Taking them to a vet at this juncture is advised.
That way, they can run multiple screenings and tests to identify what may be going on.
Some vets will provide anti-anxiety drugs, whereas, in the case of something more severe, they may receive some other form of medication.
Then there are animal behavioral specialists you may want to consider working with.
These can help your dog adapt to stressful environments with certain techniques and build their confidence over time.
Nevertheless, if you discover your dog is drooling and there is no medical reason for it, there is generally little you can do.
It may reduce in time and with greater exposure around other dogs.
It may not.
But if they are otherwise fine and well, it should not be a cause for concern or worry.
And if they are unfortunately poorly for any other reason, they can be treated accordingly.
How Do I Train My Dog To Be Calm Around Other Dogs?
Training your dog to be calm around other dogs is all about consistency and repetition in positive, calm interactions. It will require specific techniques, considerations, planning, and management.
And the process should begin when a puppy is young, with short, constructive interactions with other dogs.
Nevertheless, even in older dogs, the reality remains the same:
Dogs need to get used to being around other dogs. They need to know how to behave.
What is acceptable, and what is not.
And they need to learn that interactions should be calm.
For this reason, you need to be particularly mindful of your own behavior and those that you are reinforcing in your dog.
For instance, shouting at your dog, pulling them back from their harness/leash – can exacerbate the problem.
It can make your dog more excited.
At the same time, you need to consider your routine and ritual.
If every walk or interaction with other dogs begins with the same actions, such as getting the leash, getting in the car, allowing your dog to pull to get to other dogs, etc.; well, these become a recognized and reinforced part of your dog’s behavior.
And the more you allow this to happen, the more reinforced it will become.
So, you need always to ensure that you and your dog are calm before any interaction.
If a situation begins to unfold that causes excitement, anxiety, or fear, you must remove yourself and your dog from the situation.
From here, there is a range of methods and techniques you can use to train your dog to behave around others.
Just be sure that you can restrain your dog during any training. A harness is best for this.
Simultaneously, be sure to train your dog around calmer dogs; and have treats on hand to reward your dog for calm behavior.
This is an excellent method to try:
- Step One: Have a friend with a calm dog meet you on a walk. Ensure both dogs are on their harnesses.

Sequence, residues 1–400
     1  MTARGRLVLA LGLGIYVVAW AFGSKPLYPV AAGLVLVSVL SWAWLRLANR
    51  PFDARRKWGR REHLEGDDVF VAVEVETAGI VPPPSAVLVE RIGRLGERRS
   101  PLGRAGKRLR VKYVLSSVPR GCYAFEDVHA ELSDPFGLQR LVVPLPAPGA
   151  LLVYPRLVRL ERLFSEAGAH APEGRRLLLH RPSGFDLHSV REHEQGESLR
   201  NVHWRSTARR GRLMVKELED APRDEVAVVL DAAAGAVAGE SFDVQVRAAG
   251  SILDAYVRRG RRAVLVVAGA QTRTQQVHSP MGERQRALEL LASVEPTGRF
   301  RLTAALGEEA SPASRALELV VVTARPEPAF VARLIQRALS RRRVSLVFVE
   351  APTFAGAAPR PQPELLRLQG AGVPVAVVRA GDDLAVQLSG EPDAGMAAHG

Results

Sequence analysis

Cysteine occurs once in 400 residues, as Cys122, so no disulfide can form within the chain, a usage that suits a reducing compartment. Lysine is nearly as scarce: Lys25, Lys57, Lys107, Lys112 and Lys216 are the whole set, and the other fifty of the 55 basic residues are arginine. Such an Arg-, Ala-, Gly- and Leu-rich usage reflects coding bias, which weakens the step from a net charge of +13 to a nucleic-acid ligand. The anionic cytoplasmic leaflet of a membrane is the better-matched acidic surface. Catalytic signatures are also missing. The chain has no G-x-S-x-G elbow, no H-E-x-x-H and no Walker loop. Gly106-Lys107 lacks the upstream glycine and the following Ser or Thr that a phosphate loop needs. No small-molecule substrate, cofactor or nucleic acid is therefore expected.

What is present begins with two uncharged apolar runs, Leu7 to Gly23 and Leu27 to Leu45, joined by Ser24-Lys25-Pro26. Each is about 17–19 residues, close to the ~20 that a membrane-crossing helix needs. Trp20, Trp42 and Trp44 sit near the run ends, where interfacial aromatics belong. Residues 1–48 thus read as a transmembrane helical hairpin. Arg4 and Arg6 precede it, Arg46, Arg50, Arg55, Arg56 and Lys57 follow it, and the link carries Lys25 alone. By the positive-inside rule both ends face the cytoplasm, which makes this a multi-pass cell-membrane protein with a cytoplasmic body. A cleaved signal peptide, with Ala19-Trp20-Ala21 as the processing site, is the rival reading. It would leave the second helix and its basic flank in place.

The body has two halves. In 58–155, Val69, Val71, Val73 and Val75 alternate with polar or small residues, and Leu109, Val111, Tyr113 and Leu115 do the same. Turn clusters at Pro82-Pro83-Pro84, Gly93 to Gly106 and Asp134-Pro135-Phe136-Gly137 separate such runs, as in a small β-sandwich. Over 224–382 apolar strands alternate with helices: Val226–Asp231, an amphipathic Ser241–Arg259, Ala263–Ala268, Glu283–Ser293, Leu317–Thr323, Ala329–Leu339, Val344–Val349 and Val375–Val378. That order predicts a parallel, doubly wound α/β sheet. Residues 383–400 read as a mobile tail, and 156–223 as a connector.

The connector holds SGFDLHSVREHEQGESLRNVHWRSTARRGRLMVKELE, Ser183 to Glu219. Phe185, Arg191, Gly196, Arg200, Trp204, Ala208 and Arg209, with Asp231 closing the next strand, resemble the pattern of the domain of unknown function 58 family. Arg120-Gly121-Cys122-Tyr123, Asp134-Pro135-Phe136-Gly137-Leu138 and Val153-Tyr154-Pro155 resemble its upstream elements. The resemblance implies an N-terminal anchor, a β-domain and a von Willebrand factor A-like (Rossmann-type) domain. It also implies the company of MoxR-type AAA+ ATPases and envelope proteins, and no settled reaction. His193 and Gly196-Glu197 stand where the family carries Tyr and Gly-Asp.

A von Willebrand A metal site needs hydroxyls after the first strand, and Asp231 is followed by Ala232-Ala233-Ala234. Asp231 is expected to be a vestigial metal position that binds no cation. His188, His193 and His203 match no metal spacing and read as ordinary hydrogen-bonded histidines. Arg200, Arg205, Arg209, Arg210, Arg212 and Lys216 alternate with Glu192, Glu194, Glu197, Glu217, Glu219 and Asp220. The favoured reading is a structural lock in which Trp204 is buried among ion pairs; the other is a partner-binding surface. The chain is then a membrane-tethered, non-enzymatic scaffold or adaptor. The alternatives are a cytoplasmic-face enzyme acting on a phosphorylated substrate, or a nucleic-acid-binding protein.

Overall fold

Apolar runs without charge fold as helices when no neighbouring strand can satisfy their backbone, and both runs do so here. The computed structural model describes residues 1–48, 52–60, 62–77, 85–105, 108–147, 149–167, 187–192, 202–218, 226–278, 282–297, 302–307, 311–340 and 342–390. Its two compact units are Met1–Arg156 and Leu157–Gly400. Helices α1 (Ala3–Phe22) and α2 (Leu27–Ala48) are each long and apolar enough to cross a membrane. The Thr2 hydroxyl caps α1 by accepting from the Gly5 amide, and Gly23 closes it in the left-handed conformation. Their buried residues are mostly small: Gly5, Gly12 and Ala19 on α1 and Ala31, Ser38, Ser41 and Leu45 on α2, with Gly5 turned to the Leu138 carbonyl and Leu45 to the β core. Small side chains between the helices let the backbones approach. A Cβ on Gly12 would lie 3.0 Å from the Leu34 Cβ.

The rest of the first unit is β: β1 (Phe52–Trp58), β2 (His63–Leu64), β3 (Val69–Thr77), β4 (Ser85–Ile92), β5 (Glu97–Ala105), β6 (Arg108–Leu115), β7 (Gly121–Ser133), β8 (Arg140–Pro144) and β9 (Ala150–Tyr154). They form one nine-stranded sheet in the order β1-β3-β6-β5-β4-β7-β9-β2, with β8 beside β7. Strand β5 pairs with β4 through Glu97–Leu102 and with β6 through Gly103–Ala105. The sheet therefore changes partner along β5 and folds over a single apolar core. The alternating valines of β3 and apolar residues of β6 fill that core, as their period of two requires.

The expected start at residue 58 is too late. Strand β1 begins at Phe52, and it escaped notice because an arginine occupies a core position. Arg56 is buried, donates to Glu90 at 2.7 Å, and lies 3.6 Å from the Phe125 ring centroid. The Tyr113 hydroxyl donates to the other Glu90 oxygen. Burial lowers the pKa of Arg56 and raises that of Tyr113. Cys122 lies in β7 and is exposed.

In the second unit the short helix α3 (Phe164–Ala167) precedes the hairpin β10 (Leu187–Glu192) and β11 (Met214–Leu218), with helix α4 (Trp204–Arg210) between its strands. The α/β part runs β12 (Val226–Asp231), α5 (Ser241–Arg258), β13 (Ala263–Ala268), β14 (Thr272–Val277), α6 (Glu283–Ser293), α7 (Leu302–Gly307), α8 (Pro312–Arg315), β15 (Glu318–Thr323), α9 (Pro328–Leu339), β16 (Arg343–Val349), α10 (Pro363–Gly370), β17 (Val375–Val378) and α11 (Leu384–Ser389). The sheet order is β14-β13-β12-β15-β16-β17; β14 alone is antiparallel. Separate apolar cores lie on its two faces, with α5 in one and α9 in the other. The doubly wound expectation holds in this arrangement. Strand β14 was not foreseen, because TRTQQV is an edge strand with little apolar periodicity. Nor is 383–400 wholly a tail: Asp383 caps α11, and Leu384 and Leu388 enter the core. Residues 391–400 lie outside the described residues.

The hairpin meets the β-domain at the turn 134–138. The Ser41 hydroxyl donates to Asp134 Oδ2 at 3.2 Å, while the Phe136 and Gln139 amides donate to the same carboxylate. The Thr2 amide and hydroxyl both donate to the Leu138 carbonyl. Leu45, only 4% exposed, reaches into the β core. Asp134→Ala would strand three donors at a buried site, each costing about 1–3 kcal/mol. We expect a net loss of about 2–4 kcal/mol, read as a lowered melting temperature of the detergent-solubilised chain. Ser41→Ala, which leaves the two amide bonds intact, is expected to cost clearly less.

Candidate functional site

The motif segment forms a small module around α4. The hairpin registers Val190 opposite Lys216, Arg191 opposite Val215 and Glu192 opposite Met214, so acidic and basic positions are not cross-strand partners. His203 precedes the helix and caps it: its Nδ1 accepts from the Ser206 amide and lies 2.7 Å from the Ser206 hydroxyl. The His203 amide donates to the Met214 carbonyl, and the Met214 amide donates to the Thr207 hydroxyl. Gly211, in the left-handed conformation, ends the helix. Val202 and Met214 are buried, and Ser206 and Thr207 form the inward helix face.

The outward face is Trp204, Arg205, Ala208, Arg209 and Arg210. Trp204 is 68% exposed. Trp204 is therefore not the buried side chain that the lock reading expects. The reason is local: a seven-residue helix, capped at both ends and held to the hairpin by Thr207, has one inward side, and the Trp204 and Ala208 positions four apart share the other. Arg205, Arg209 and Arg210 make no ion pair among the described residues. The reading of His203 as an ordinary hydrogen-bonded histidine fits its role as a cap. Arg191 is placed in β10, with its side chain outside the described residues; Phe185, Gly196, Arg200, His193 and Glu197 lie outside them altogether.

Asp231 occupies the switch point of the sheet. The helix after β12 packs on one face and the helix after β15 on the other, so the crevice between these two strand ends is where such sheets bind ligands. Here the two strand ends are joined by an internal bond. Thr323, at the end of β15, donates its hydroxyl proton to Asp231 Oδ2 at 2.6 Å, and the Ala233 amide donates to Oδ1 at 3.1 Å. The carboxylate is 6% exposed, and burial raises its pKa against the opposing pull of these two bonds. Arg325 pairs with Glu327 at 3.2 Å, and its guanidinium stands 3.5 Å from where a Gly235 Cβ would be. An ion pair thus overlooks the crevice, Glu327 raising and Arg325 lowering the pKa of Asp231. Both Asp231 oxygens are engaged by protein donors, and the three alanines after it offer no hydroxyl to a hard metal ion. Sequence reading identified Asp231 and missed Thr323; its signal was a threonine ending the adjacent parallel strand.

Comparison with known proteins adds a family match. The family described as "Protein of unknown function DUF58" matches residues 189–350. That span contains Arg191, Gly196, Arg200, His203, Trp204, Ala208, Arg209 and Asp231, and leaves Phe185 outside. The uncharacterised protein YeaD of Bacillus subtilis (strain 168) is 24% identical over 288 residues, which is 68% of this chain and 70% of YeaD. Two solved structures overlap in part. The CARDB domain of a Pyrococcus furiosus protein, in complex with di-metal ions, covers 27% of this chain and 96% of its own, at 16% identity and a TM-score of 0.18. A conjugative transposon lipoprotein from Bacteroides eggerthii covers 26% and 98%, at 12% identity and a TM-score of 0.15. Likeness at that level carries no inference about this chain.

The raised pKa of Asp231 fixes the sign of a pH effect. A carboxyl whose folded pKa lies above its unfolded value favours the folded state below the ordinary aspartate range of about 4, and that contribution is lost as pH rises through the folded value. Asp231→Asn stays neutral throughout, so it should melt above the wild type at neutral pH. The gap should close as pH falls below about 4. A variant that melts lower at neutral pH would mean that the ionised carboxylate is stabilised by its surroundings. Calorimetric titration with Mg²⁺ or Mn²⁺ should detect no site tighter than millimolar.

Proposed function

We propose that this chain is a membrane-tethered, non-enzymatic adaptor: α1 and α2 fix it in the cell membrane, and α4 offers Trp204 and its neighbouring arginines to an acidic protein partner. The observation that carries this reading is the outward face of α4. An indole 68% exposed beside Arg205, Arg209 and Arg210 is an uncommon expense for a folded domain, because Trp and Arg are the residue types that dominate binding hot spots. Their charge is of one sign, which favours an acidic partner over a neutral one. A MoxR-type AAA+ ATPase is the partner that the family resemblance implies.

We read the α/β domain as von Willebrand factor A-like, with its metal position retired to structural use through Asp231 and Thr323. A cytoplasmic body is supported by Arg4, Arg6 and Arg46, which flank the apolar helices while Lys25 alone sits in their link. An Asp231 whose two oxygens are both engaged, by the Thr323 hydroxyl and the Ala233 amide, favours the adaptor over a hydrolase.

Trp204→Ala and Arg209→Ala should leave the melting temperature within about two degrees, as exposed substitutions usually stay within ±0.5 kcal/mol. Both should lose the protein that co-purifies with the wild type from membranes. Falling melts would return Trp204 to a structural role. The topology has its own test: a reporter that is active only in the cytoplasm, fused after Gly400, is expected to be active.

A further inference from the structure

- Step Two: When you notice your friend and their dog in the distance, ask them to stop. Your dog should still be calm. At this point, as your dog to sit and to stay.
- Step Three: Allow your friend and their dog to approach. When your dog begins to get excited, ensure your friend and other dog walk away.
- Step Four: Wait until your dog has calmed down. Then get your friend and dog to come toward you both again. So long as your dog remains calm, your friend and dog can keep walking. Otherwise, you will need to repeat step three.
- Step Five: Repeat the process over various interactions until your dog learns that by being calm, they get the reward of interacting with another dog. And excitement means they miss out on the opportunity.
Of course, this is one approach to try, but it works very well.
This is the kind of technique an animal behavioral specialist will use.
And if you are really struggling to keep your dog calm around others, you can always consider contacting a reputable specialist to help train your dog.
Nevertheless, be consistent in your approach and your training.
It may take some time and planning, but you should notice that your dog is calmer around others when they are effectively taught to do so.
And you may even find their drooling starts to stop!
Dogs will naturally drool around other dogs. It is normal and a reaction to expect.
To some extent.
In fact, you will likely notice it more in younger dogs, unsocialized dogs and even specific breeds.
That being said, drooling can be caused by various different emotions.
And for this reason, you must be observant of any other accompanying behaviors.
For some of you reading, a small amount of drooling here and there should not be a concern.
For others, it could indicate a wider problem. Perhaps even a medical issue.
So, be sure to monitor your dog’s salivation. Consider the circumstances, contexts, and environments.
And if you are ever concerned or noticed other worrying symptoms, do contact a vet.
It’s better to be safe than sorry.
I am a practiced pet owner with decades of experience owning a number of different pets. I am also the main writer and chief editor here at Pet Educate; a site I created to share everything I’ve learned about pet ownership over the years and my extensive research along the way.